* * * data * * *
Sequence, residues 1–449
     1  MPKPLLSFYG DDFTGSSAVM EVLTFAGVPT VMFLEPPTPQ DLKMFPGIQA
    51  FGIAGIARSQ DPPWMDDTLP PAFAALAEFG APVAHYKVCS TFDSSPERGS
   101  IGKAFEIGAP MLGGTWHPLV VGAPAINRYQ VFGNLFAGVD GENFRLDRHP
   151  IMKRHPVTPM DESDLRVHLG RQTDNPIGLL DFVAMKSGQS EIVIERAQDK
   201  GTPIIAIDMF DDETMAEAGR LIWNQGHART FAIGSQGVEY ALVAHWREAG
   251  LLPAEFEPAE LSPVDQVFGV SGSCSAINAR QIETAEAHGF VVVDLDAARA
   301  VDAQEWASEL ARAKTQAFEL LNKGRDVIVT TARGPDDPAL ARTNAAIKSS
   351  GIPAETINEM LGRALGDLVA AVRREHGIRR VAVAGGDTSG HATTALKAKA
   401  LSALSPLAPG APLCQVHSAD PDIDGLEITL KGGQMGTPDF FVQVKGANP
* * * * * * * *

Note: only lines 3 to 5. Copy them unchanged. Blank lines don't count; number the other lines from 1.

    51  FGIAGIARSQ DPPWMDDTLP PAFAALAEFG APVAHYKVCS TFDSSPERGS
   101  IGKAFEIGAP MLGGTWHPLV VGAPAINRYQ VFGNLFAGVD GENFRLDRHP
   151  IMKRHPVTPM DESDLRVHLG RQTDNPIGLL DFVAMKSGQS EIVIERAQDK